No North American at Dressage World Cup for First Time

12 years ago StraightArrow Comments Off on No North American at Dressage World Cup for First Time
Ravel and Steffen Peters at 2009 World Cup in Las vegas. © 2009 Ken Braddick/
Ravel and Steffen Peters at 2009 World Cup in Las Vegas. © 2009 Ken Braddick/


WELLINGTON, Florida, Mar. 6–The World Cup Final in dressage will be without a North American rider for the first time since creation of the globe’s only annual championship a quarter century ago.

As the last of the 10 North American League (NAL) qualifying competitions, the Palm Beach Dressage Derby, was underway this weekend, the U.S. and Canadian horse and rider combinations who completed the required three events with qualifying scores confirmed they will not be going to the Final in ‘s-Hertogenbosh, The Netherlands, Mar. 25-28.

In the event that began in 1986 and is an official International Equestrian Federation (FEI) championship, two places are reserved in the Final for the North American League that effectively is made up of Canada and the United States, though theoretically includes all 24 North American countries including Mexico.

The FEI confirmed Tuesday that North America will not be represented this year.

Defending champion Steffen Peters and Ravel opted to skip the World Cup and thus did not start in two qualifiers as required under the rules. Canadian Ashley Holzer, the second highest ranked North American with Pop Art, also did not start in any World Cup qualifying events. They both decided to focus on the World Equestrian Games in September, held once every four years and in North America for the first time.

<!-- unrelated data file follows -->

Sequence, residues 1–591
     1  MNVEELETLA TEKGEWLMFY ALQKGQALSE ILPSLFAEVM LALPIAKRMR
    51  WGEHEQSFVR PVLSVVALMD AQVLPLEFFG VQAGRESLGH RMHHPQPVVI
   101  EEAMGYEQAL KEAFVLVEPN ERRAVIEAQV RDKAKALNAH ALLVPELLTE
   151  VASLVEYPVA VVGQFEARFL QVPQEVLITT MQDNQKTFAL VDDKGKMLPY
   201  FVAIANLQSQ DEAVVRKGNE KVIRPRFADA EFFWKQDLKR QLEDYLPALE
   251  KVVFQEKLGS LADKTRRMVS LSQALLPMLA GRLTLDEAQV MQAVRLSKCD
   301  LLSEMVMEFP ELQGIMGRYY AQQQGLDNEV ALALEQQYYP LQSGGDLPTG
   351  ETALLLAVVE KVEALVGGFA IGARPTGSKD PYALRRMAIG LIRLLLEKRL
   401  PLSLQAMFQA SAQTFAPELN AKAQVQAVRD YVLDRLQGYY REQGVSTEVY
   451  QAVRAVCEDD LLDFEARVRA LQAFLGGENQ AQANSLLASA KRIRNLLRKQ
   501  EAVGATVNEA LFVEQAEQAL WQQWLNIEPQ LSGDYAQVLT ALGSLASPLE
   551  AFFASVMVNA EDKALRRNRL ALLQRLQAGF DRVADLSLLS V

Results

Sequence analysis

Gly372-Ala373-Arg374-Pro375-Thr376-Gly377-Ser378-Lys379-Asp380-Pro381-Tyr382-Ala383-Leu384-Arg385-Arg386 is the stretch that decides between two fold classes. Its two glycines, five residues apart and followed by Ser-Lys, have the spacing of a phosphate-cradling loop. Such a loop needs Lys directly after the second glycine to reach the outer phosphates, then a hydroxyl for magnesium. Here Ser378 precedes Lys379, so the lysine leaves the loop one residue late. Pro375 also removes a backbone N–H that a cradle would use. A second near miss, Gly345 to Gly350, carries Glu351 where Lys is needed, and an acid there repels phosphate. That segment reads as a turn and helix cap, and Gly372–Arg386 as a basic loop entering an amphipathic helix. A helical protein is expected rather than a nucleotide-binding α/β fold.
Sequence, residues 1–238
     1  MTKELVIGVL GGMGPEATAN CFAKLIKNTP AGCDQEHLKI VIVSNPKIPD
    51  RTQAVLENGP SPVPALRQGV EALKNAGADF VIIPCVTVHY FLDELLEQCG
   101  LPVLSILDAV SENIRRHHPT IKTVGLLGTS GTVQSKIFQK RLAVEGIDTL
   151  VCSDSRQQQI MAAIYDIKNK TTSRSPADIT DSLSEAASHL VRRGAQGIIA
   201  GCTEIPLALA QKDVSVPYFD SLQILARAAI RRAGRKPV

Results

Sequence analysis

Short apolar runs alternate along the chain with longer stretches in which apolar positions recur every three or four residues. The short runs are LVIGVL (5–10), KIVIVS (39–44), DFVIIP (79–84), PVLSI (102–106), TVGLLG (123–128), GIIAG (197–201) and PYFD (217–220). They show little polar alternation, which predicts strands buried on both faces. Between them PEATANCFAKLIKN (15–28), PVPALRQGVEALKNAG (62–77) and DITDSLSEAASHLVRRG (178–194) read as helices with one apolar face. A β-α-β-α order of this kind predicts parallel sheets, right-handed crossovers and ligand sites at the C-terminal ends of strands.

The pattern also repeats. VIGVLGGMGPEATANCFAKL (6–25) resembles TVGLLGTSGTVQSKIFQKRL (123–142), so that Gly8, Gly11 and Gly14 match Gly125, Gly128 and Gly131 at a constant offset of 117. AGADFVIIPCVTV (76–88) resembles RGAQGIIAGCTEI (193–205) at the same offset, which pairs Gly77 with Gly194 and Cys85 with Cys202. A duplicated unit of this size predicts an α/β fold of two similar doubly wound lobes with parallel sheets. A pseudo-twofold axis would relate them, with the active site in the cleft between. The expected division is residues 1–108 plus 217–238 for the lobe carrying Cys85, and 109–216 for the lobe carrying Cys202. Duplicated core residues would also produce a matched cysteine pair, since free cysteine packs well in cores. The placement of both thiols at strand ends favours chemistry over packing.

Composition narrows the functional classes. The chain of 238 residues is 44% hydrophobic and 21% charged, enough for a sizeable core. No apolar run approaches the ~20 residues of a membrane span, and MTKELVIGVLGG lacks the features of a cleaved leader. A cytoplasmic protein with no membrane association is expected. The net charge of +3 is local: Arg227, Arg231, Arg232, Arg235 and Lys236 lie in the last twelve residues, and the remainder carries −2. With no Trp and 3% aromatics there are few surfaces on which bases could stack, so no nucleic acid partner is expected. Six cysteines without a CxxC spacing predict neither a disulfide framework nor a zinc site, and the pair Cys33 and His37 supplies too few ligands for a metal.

The FEI said a total of 15 riders from 10 nations have been named to compete at the World Cup.

From Western Europe, Adelinde Cornelissen, Edward Gal and Imke Schellekens-Bartels will represent the Netherlands, Isabell Werth, Matthias Alexander Rath and Carola Koppelman for Germany, Patrik Kittel and Tinne Vilhelmson Silfven for Sweden, Jeroen Devroe of Belgium, and Nathalie zu Sayn-Wittgenstein of Denmark.

The Central European League will be represented by Michal Rapcewicz and Katarzyna Milczarek of Poland and Acs Robert of Hungary. Australian, Brett Parbery, who qualified from the Pacific League and Brazil’s Luiza Tavares de Almeida of the South American/Asian region have confirmed their participation.

Four horse and rider pairs–two American and two Canadian–compiled qualifying scores from the 10 events in the North American League. No others in the NAL have scores from a sufficient number of qualifying competitions.

The riders who qualified in the NAL are:

1. Canada’s Cheryl Meisner and Paganini, the highest ranked in the NAL with an average score of 72.583 per

Cheryl Meisner and Paganini. © Ken Braddick/
Cheryl Meisner and Paganini. © Ken Braddick/

cent from the top three competitions required for qualification. Paganini was withdrawn from the Exquis World Dressage Masters at the beginning of February. Cheryl of Blandford, Novia Scotia told that Paganini’s condition “is not serious or long term.” Just last week she got the ride on Liebling II, that horse that Carl Hester rode for the British silver medal team at the 2009 European Championships. With Paganini and Liebling, she said, she wants to focus on the WEG.